6. Darken the classroom. Aim the pinhole at a bright light source or open window. What do you see on the wax paper?

  1. Cut another square of wax paper about 5 inches (12.7 cm) on each side.

  2. Color in the center of this square with the marking pencil.

  3. Crumple the paper to produce fold marks and scratches on the wax.

  4. Replace the wax paper in the original model with this sheet.

  5. Retry the pinhole viewer. How does this new image differ from the original one?


As representations, models can teach us more about an object, concept or relationship. Sometimes models are sketched on paper. Other modeling can be done on computers. When making a model, it's important to know what each feature represents. It's also important to know the limits of the model. Otherwise, you might make predictions based upon incorrect relationships.

Match the part of the model with the part of the eye it represents.

_____ 1. retina a. blackened wax paper
_____ 2. iris b. aluminum foil
_____ 3. pupil c. not represented on model
_____ 4. lens d. wax paper
_____ 5. macular degeneration e. pin hole


A: 6. upside-down image of light source or window
B: 5. no image can be seen in the center
C: 1. d, 2. b, 3. e, 4. c, 5. a


  1. Describe the image projected onto the wax paper. How does this illustrate a person's vision?

  2. How does the brightness of the light source affect your observations?

  3. How did this activity model macular degeneration?

  1. The image is upside down, just as images projected onto the back of the retina are upside down, then rearranged by the brain.

  2. The brighter the source, the brighter the projected image.

  3. The crumpled and blackened wax paper represents a diseased retina. The image projected onto this retina was difficult to observe.

CREDIT: Workshop presenter and textbook author Michael DiSpezio. who contributed this activity and "Making Strides," is a science specialist based in Cape Cod, Massachusetts.

REPORT FROM THE FIELD: Joan Stelmack, Chief of Optometry, Hines Veterans Affairs Hospital

When you see a person with a white cane, what does it mean to you? To most of us it suggests someone who cannot see, so we'd be very surprised if that person could read a newspaper or see a traffic sign from two blocks away. Dr. Joan Stelmack, seen on Frontiers, explains how an apparently blind person does this. "A person may be legally blind, but he or she may not be totally blind." The diagnosis of legal blindness is given to persons with severely impaired central vision loss or the loss of peripheral vision that results in tunnel vision. "The effect of tunnel vision, "she says, "is like looking through a tube. You might able to read a newspaper or see a sign without glasses, but when you want to cross a street you'd have a very serious problem because you couldn't scan your eyes fast enough to see the cars."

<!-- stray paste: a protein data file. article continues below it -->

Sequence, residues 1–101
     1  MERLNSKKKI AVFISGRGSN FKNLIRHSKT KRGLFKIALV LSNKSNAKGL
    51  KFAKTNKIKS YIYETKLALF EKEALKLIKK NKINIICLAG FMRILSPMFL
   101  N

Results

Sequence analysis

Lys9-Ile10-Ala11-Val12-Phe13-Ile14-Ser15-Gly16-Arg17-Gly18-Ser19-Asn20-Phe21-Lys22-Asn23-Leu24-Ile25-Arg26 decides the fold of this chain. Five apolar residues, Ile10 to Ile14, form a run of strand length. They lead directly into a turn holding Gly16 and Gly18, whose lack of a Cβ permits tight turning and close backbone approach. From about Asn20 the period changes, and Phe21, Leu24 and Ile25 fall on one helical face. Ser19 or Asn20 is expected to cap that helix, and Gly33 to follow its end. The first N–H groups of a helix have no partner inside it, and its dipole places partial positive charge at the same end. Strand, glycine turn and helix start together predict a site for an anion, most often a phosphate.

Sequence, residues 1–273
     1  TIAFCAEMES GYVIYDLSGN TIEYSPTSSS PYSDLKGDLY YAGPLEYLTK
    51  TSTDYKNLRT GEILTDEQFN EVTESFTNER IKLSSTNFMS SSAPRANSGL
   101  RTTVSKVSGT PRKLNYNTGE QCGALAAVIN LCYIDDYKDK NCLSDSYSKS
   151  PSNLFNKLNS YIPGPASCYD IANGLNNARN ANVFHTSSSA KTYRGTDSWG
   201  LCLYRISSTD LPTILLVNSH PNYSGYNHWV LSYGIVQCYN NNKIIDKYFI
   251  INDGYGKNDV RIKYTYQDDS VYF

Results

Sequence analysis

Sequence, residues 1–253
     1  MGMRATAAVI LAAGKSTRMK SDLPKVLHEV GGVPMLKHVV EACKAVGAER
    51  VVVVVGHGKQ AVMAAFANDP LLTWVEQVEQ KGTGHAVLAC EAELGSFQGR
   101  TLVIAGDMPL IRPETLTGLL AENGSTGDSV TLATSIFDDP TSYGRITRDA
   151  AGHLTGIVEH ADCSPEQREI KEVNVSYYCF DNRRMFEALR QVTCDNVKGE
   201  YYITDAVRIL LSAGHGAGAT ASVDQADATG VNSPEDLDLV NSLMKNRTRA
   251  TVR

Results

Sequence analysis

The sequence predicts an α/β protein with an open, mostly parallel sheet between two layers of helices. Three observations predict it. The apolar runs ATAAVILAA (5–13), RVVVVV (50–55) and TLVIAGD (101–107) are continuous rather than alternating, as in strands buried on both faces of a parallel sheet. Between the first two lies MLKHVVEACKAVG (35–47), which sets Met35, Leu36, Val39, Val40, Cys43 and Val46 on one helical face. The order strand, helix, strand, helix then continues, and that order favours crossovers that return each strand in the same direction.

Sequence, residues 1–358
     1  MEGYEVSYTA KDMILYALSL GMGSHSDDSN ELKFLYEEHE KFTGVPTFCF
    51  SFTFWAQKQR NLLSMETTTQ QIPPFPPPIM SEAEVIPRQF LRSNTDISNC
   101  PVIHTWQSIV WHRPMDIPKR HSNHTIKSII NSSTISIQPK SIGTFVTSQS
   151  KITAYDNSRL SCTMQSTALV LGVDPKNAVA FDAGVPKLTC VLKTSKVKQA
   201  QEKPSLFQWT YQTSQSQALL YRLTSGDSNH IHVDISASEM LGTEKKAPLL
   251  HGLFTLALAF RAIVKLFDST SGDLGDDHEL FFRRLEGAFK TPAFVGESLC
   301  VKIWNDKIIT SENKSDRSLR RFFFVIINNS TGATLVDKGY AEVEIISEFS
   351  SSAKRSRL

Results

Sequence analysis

On a typical day at the hospital, Dr. Stelmack evaluates and diagnoses patients, prescribes their treatment plans, provides clinical direction for her staff, conducts research and works with new devices like the goggles she fits for Mr. Perra on Frontiers. "The Hines VA Hospital uses a team approach to help legally blind and low-vision patients," explains Dr. Stelmack. Each receives individualized and specialized care from many professionals, including optometrists, nurses, physicians, social workers, psychologists and blind rehabilitation instructors.

She and her team share a common goal: to provide comprehensive care and to restore hope, respect and independence to patients who often feel hopeless about their future when confronted with vision loss. For more information about low vision, Dr. Stelmack suggests this resource: Low Vision Section, American Optometric Association, 243 N. Lindbergh Boulevard, St. Louis, MO 63141.


Scientific American Frontiers
Fall 1990 to Spring 2000
Sponsored by GTE Corporation,
now a part of Verizon Communications Inc.